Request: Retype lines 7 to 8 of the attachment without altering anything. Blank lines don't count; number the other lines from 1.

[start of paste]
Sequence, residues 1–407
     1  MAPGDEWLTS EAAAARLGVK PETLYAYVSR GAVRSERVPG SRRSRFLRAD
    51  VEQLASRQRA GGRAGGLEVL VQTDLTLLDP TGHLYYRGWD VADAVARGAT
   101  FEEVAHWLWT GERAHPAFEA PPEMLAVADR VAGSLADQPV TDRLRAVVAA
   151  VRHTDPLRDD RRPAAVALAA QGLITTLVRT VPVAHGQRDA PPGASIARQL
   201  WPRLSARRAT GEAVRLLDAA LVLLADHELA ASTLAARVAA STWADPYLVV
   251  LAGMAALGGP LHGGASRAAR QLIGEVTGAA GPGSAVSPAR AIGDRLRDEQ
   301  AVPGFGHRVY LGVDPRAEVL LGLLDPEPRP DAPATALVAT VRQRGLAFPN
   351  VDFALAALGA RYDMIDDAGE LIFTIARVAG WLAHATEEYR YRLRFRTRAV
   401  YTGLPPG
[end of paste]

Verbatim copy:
   251  LAGMAALGGP LHGGASRAAR QLIGEVTGAA GPGSAVSPAR AIGDRLRDEQ
   301  AVPGFGHRVY LGVDPRAEVL LGLLDPEPRP DAPATALVAT VRQRGLAFPN